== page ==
C. If the FDA feels like there is a stall in process between the tenth and sixteenth year of the patent, they may revoke the patent extensions and the drug will no longer belong to the manufacture. Manufacturing companies must submit a report to the FDA every year of the new drug being manufactured between the tenth and sixteenth year. Any manufacturer that does not submit this report will have their patent of the previous drug development revoke immediately.
D. These guidelines apply to every patent a company may have. If I company has five drugs on patent, it must show the progress of five new drugs being created. There will be no funding supplied.
Conclusions
Some individuals and pharmaceutical companies may not agree with the new policy being enforced by the FDA. These people may argue that is costs too much and takes too long to get a drug approved by the FDA and therefore this policy would make pharmaceutical companies have less profits and there will not be many drugs produced in years to come because of high cost. They would argue that is costs an estimated 868 million dollars and takes between ten to fifteen years to get the drug researched and approved by FDA (3, 5). The FDA’s response to this argument is that the companies will not lose money as long as they are showing progress in making other antibiotics and they can still get the full patent length and will not lost much money at all. After the ten to fifteen years of getting a drug approved, the manufacturer is making profits on that antibiotic drug and they have no need to start the process of making a new drug until they patent is expired. This policy makes manufacturers start to produce new antibiotics at about the same time they start making money on the drug previously produced. The cost of the new antibiotic being developed can come from the large profit companies are making after the drug goes on the market. The FDA hopes to have a continuous process of antibiotics under research and approval through this policy.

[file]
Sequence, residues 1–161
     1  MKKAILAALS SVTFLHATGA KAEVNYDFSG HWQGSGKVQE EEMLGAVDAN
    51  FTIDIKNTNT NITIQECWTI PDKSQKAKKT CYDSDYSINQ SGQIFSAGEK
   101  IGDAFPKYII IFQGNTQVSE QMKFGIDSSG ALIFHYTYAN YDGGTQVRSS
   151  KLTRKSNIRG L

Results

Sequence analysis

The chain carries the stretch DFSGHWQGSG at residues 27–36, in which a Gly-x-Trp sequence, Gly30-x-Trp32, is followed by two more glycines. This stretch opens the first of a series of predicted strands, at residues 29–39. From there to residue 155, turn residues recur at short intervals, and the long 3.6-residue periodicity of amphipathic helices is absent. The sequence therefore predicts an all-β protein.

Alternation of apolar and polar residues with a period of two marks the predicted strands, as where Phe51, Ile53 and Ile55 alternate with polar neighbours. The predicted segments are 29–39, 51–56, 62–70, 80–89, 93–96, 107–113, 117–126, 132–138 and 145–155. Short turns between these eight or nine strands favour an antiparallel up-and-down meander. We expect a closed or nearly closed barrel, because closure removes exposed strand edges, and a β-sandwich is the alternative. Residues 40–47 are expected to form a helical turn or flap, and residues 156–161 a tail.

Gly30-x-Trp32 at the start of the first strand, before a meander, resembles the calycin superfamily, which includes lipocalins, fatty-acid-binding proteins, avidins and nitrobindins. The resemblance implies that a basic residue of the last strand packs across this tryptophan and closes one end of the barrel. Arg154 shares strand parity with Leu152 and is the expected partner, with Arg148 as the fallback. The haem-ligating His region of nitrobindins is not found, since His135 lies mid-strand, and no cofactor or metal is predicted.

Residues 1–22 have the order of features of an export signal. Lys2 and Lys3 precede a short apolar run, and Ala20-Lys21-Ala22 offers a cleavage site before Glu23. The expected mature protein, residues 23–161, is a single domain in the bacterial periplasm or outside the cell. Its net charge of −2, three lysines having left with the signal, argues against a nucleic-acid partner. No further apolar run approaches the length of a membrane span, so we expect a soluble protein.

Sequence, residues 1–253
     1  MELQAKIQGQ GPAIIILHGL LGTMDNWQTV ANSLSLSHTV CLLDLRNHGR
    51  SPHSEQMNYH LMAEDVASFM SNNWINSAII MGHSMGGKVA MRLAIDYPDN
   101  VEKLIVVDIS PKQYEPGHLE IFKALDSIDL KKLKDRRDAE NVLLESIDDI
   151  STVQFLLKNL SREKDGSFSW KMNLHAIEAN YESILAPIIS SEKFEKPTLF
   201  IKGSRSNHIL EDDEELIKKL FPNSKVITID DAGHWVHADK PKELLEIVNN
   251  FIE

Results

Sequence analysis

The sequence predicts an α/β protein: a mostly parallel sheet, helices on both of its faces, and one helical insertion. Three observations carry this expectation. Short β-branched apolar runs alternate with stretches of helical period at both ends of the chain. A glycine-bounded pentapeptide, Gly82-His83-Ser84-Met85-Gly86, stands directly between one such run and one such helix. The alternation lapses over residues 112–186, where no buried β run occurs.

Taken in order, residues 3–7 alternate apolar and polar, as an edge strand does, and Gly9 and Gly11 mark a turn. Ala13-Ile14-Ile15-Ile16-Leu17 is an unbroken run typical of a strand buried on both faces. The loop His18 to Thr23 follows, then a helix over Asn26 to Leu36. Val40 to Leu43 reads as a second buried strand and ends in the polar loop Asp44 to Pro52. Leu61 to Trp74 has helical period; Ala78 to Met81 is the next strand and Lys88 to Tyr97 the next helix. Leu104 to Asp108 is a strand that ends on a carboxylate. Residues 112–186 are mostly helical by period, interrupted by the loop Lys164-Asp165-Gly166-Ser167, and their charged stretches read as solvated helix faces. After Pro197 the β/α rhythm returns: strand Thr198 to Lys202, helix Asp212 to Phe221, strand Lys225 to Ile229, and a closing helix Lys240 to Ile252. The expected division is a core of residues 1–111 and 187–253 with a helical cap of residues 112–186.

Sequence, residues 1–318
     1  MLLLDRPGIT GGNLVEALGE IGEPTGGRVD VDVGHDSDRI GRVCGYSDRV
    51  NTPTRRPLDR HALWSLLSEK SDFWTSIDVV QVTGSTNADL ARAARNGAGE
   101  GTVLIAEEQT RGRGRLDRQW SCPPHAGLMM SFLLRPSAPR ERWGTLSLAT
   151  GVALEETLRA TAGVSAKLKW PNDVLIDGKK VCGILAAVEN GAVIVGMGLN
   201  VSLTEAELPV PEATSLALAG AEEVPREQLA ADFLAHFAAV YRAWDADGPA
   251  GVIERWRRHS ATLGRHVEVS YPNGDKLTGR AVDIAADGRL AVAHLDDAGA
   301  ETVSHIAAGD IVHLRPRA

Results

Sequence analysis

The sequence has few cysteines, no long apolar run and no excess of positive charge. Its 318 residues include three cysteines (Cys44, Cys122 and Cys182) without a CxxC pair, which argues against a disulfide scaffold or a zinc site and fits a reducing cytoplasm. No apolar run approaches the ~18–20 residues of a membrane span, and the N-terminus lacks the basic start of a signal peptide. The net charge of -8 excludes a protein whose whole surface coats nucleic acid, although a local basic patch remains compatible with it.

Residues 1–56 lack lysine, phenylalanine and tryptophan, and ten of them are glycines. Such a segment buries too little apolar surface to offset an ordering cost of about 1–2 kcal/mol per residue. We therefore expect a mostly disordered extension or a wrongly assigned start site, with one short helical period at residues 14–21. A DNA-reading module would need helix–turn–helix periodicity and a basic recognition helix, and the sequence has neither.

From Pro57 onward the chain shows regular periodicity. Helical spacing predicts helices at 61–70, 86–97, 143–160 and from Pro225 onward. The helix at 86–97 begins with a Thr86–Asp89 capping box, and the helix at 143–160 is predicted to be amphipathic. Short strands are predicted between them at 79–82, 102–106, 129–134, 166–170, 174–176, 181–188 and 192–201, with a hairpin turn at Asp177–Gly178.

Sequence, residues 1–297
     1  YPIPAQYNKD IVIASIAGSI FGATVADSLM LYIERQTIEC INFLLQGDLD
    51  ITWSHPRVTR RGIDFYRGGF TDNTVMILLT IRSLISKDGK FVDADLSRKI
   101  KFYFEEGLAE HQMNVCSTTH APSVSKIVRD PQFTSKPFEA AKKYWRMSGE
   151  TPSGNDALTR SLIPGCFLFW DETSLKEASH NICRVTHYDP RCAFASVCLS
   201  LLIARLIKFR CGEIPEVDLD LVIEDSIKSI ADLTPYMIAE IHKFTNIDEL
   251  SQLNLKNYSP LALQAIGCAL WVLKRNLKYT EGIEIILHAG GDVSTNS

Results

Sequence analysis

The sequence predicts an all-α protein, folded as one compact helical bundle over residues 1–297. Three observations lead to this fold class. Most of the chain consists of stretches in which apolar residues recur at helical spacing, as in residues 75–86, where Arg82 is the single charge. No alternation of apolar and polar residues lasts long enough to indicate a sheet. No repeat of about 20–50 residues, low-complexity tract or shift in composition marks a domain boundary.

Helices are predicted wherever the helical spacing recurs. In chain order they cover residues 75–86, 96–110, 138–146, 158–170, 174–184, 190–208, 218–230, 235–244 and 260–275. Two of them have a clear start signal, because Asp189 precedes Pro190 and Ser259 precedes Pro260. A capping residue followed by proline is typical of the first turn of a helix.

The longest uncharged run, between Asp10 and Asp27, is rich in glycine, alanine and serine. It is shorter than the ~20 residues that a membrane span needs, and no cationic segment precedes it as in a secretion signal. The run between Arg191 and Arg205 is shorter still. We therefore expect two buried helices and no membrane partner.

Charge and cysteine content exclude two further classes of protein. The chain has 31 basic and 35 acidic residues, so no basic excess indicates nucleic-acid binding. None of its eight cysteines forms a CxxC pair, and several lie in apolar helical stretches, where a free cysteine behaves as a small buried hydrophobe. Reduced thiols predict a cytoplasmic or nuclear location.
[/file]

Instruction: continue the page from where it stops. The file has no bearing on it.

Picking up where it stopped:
The other main argument about this policy would be whether this will have any effect on antibiotic resistance. Many will question if this policy is worth the time and can solve the problem of antibiotic resistance because it takes so long to produce a new drug. This policy will not have a short term affect on antibiotic resistance but in decades to come it will contribute greatly. The larger access of antibiotics that are available to people will reduce the reliance on one commonly used antibiotic and reduce the chance of bacteria to mutate and evolve to become resistance to antibiotics. This large variety of antibiotics will allow doctors to have different choices as to what antibiotic to give a patient and will not have to give the same antibiotic over and over again. Bacteria have been around for millions of years and humans come nowhere close to this length. In order for bacteria to have lived this long they must have evolved and it is only a matter of time before they are resistant to already produced antibiotics. This speculation is one of the many reasons the FDA is making a new policy to help fight antibiotic resistance and without this policy bacteria may become a greater health risk in years to come.

References
1) National Center for Immunization and Respiratory Diseases/Division of Bacterial Diseases, “Get Smart: What Everyone Should Know and Do With Antibiotics.” About Antibiotic Resistance. 18 August 2008. 9 October 2008. <http://www.cdc.gov/drugresistance/community/know-and-do.htm>.
2) National Center for Immunization and Respiratory Diseases/Division of Bacterial Diseases, “Get Smart:About Antibiotic Resistance, FAQs.” About Antibiotic Resistance. 22 August 2008. 9 October 2008 <http://www.cdc.gov/drugresistance/community/anitbiotic-resistance-faqs.htm#6>
3) Salyers, Abigail A., and Dixie D. Whitt. Revenge of the Microbes. Washington DC: ASM Press, 2005.
4) OTCOM/DLIS. Patent Term Restoration. 12 May 2008. 8 October 2008 <http://www.fda.gov/cder/about/smallbiz/patent_term.htm>.
5) Adams, Christopher P. and Van V. Brantner. “Estimating The Cost Of New Drug Development: Is It Really $802 Million?” Health Affairs. 7 March 2006. 10 October 2008 <http://content.healthaffairs.org/cgi/content/abstract/25/2/420>.